After sell-out seasons at the 2010 and 2011 Sydney Festivals, the iOTA and Craig Ilot-created gem that is Smoke & Mirrors comes to the Seymour Centre next month for what’s being billed as one final Sydney season.

But, with audience appetite showing no signs of abating, is this really the last chance Sydneysiders will have to see the show?

“Like John Farnham, forever retiring,” cast member Queenie van de Zandt laughed.

“If this season goes well, who knows — we might keep touring. But I think this really is it for Sydney.”

While van de Zandt’s bearded lady is one of the characters with the least stage time in Smoke & Mirrors, she arguably packs the most emotional punch.

The musical theatre veteran told the Star Observer it was longtime friend Ilot’s understanding of her hidden talents that landed her the plum role.

“Because Craig’s known me such a long time, he knows and loves one of the things I can do, which is move and transport an audience with my voice. I hardly ever get to do that, because in musicals I’m always cast as the old bag or the crazy lady,” she said matter of factly.

“No one ever hears my real singing voice.”

Until Smoke & Mirrors. After a saucy comic striptease in the first act, van de Zandt returns in Act Two to deliver a powerhouse performance of the soaring, bruised ballad Candyland, hitting otherworldly notes without getting a (beard) hair out of place. While Ilot and iOTA penned the song, van de Zandt explained it had been tailored to her talents — and backstory.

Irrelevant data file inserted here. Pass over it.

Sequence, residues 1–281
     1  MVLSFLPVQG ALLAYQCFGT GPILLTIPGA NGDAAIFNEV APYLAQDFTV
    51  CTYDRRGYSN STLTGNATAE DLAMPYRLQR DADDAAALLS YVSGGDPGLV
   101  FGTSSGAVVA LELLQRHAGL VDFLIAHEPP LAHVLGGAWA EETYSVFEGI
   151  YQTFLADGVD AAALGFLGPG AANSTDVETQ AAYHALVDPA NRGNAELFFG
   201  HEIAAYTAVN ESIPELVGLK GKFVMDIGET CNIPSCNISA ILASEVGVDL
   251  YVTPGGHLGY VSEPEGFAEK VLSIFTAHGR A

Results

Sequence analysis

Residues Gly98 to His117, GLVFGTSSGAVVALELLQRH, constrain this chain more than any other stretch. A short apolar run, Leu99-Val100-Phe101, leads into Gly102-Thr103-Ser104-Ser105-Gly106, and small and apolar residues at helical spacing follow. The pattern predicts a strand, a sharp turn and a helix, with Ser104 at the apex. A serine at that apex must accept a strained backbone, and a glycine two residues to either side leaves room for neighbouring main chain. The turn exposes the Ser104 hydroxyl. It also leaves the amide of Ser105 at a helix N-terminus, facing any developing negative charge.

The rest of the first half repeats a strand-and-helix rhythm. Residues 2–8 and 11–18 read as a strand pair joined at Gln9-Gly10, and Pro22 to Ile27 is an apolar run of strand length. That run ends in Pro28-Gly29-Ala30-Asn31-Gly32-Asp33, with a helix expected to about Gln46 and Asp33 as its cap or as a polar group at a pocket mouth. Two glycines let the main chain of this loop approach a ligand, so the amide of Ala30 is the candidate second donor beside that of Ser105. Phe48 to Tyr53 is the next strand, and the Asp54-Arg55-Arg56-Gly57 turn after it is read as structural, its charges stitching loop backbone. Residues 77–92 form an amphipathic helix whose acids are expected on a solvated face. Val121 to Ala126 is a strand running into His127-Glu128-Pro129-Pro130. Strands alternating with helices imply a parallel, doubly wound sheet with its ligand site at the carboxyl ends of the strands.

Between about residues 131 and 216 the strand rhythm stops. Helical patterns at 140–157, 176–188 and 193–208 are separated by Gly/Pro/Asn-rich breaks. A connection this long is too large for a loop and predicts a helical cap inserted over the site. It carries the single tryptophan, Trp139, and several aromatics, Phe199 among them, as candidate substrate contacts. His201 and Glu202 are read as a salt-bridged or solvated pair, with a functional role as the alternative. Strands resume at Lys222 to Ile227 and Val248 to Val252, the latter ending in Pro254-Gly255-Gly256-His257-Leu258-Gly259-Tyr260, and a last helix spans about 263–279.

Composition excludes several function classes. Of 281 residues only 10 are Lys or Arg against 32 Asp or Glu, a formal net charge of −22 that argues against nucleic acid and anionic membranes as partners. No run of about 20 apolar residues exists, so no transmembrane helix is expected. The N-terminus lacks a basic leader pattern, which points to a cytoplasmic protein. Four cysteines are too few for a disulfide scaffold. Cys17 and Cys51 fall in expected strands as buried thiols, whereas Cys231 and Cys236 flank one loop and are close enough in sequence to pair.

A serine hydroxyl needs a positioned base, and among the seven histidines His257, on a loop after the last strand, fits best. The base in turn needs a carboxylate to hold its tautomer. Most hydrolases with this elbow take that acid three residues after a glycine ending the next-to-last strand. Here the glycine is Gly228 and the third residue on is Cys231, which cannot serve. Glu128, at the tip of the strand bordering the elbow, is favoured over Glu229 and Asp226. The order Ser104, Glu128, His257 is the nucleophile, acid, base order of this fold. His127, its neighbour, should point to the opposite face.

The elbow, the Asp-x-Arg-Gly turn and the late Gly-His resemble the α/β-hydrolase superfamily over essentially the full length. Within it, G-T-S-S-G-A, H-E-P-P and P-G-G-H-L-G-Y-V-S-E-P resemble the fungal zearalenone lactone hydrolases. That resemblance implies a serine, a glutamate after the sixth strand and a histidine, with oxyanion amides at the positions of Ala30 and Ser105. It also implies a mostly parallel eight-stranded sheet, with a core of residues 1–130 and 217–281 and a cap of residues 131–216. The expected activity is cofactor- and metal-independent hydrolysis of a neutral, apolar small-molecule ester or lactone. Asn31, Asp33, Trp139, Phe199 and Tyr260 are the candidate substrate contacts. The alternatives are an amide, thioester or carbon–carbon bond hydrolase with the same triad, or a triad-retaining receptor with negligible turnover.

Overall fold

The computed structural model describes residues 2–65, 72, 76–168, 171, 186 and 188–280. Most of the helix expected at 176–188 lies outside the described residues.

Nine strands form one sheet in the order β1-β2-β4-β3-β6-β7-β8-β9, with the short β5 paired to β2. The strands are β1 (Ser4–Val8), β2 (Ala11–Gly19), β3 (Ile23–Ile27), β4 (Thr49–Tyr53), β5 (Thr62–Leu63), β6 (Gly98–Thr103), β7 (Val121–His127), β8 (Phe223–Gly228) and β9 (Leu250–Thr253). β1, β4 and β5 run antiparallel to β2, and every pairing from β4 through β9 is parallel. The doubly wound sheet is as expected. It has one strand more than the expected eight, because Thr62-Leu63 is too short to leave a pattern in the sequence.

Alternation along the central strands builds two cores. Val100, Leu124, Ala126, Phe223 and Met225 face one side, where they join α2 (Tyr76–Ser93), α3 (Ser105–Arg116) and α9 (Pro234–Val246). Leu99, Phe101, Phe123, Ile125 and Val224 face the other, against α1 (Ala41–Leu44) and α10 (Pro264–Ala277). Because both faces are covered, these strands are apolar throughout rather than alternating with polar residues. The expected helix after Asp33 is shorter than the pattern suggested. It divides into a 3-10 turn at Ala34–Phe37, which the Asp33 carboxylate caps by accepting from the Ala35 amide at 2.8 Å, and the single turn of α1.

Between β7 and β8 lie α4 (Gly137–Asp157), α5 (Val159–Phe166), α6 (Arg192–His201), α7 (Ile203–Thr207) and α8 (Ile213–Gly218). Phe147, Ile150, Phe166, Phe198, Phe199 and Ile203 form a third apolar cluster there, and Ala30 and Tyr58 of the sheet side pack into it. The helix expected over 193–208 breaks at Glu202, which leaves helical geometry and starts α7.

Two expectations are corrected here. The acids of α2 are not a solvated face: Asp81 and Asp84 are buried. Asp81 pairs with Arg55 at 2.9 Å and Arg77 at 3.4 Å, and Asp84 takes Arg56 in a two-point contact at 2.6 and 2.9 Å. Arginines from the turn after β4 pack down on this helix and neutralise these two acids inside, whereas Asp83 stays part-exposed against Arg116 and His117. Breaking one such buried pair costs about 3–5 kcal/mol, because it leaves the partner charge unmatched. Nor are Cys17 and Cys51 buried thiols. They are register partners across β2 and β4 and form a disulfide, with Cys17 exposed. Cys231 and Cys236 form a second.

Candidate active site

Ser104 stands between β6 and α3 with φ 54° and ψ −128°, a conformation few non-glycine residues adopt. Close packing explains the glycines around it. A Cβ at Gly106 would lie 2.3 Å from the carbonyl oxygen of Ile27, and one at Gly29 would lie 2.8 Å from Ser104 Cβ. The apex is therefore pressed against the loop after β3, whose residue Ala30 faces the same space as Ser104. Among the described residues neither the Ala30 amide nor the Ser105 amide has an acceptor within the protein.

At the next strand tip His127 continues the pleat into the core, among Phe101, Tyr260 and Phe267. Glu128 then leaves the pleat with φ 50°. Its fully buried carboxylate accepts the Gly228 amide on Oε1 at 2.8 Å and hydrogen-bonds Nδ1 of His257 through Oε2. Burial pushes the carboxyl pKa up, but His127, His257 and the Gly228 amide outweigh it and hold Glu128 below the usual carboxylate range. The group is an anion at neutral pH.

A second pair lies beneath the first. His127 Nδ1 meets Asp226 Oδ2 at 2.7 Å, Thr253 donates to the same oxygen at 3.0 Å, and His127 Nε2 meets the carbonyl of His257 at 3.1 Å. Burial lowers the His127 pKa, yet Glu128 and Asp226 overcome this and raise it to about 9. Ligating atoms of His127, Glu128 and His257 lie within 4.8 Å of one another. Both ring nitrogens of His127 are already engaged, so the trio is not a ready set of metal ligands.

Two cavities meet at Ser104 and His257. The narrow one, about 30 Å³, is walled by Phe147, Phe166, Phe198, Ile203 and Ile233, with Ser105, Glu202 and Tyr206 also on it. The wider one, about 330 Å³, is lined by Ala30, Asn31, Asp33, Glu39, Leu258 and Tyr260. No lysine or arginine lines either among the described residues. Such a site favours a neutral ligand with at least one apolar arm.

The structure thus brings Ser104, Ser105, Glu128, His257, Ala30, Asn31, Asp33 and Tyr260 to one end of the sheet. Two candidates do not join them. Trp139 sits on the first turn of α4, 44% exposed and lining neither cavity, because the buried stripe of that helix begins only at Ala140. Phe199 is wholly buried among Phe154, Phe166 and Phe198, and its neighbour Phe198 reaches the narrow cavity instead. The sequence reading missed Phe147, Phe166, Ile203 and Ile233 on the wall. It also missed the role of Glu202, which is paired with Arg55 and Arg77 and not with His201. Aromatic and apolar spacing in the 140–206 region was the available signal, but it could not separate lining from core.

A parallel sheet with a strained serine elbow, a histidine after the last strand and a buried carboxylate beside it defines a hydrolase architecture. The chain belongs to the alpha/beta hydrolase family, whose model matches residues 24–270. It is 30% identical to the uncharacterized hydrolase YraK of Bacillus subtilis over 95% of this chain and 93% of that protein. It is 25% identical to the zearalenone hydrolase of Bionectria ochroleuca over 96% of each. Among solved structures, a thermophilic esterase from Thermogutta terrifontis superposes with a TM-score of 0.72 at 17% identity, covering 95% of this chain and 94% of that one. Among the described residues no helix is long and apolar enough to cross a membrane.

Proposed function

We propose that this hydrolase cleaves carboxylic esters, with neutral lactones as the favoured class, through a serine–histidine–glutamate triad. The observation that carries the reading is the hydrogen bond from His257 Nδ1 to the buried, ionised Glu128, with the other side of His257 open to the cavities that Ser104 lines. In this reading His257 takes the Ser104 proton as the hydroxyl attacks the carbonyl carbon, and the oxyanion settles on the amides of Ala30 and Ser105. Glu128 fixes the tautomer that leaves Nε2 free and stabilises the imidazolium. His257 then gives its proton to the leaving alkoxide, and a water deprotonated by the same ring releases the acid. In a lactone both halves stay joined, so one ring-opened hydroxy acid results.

“Craig asked me to think of some ideas for songs, and the idea we struck on was about someone who’s unloved because she’s a freak. Craig mentioned that that was very close to my own life, so it’d be perfect for me,” she laughed.

“I get a lot of comments about the song, and I’m always very humbled because I know how little it has to do with me.

“The song, to start off with, is brilliant. It’s performed by an amazing band. It’s placed in such a great slot in the show, where it packs a punch. Matt Marshall has given it the most extraordinarty lighting, which really draws the emotions out of the audience.

“I’m not saying I don’t bring my own skill, but there are a lot of parts to it. That’s why I’ve always refused to perform it outside the show — it needs all its parts.”

Van de Zandt also said her earlier striptease in the show was an opportunity to confront some of the more chauvinistic males in the audience.

“As I said, I always play old bags, and to have men look at me doing my little striptease before the beard’s revealed — men having been disgusting, leering at me and licking their lips.

“Then when I reveal the beard, I always make sure to look at the same people. So often, they look really disgusted or angry that I’ve fooled them. It’s fascinating!”

info: Smoke & Mirrors plays at the Seymour Centre, May 4 – 14. Tickets through Ticketmaster. Photo: Prudence Upton

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